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Unusual Waterman Fine Silver Overlay Eyedropper: 416V


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14 replies to this topic

#1 oyang

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Posted 24 November 2012 - 07:08

Hi All,

I thought I would share this pen with the Waterman junkies because it is probably unique. I got it on eBay years ago fairly cheaply, because the pictures were poor and it was described as having a broken #4 nib (if I recall correctly). The proportions looked odd to me, and the nib looked way small for the pen, so I took a chance and bid on it.

It arrived with a very loose undersized off-brand combed feed and a broken too-small nib. It was marked 999/1000 fine silver and had a sterling clip-cap. When I tried a Waterman #6 nib and feed, they fit perfectly. I compared it to a fine silver Waterman 416 I had, and the sections were interchangeable threadwise, but this pen had a shorter section (and barrel). The cap from the regular 416 and this pen were the same diameter, but again this pen had a shorter cap.

It had no number on the posting end, so the "416V" is my made up description of what it is (obviously there was no 416V, or any eyedropper V length except perhaps the VPs): an early fine silver 416 except much shorter than regular version. I showed it to Mike Fultz, who was intrigued and said he believed it was made to order by Waterman, and that he had occasionally seen a few short versions of Watermans that seemed to be special order. He said these were not marked with a model number in his experience, like this one.

So, the pictures speak for themselves; enjoy.

Otto

Attached Images

  • Pic2.jpg
  • Pic1.jpg


#2 bbbiswas

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Posted 27 November 2012 - 08:12

Hi All,

I thought I would share this pen with the Waterman junkies because it is probably unique. I got it on eBay years ago fairly cheaply, because the pictures were poor and it was described as having a broken #4 nib (if I recall correctly). The proportions looked odd to me, and the nib looked way small for the pen, so I took a chance and bid on it.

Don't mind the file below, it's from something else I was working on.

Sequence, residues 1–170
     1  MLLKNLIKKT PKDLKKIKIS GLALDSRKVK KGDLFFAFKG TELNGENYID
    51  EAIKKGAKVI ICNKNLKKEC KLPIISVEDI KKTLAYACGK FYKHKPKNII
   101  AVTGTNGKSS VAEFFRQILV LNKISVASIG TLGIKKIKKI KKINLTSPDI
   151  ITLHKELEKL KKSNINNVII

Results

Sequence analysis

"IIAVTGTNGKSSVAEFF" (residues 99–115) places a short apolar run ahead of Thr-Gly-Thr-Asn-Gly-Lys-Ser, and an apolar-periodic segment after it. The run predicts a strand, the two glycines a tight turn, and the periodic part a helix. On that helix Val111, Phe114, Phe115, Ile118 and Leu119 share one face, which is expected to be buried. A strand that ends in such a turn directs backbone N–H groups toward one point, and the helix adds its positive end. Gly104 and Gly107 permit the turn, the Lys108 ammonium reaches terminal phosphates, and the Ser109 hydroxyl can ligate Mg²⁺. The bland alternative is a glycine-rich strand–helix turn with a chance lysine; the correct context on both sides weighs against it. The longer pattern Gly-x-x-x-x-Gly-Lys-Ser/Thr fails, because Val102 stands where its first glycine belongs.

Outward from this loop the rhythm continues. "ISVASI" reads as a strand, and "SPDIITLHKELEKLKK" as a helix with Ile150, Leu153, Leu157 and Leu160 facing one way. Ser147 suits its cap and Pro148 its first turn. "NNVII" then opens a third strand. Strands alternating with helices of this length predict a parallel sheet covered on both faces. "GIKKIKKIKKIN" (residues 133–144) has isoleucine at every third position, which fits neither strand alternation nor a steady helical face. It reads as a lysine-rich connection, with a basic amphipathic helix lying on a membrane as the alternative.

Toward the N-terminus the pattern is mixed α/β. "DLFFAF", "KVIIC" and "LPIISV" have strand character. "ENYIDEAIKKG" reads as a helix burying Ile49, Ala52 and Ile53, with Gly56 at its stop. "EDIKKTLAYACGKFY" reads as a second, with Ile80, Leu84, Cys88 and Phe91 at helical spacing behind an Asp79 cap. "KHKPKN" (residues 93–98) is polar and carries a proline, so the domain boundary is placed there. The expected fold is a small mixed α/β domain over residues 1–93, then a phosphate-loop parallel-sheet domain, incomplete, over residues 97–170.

It arrived with a very loose undersized off-brand combed feed and a broken too-small nib. It was marked 999/1000 fine silver and had a sterling clip-cap. When I tried a Waterman #6 nib and feed, they fit perfectly. I compared it to a fine silver Waterman 416 I had, and the sections were interchangeable threadwise, but this pen had a shorter section (and barrel). The cap from the regular 416 and this pen were the same diameter, but again this pen had a shorter cap.

It had no number on the posting end, so the "416V" is my made up description of what it is (obviously there was no 416V, or any eyedropper V length except perhaps the VPs): an early fine silver 416 except much shorter than regular version. I showed it to Mike Fultz, who was intrigued and said he believed it was made to order by Waterman, and that he had occasionally seen a few short versions of Watermans that seemed to be special order. He said these were not marked with a model number in his experience, like this one.

So, the pictures speak for themselves; enjoy.

Otto


Probably this pen is not a custom made. I have seen this version of Waterman being listed by many in Ebay. So there are plenty of them. I also bought one such pen from Ebay. Everything is identical to this pen except that my pen has a screw-on cap (with clip). The threading for screwing-on the cap is not on the barrel but on the front part of the section. Although I had fear that section may unscrew from barrel while opening the cap. But fortunately it has never happened.

#3 oyang

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Posted 27 November 2012 - 18:20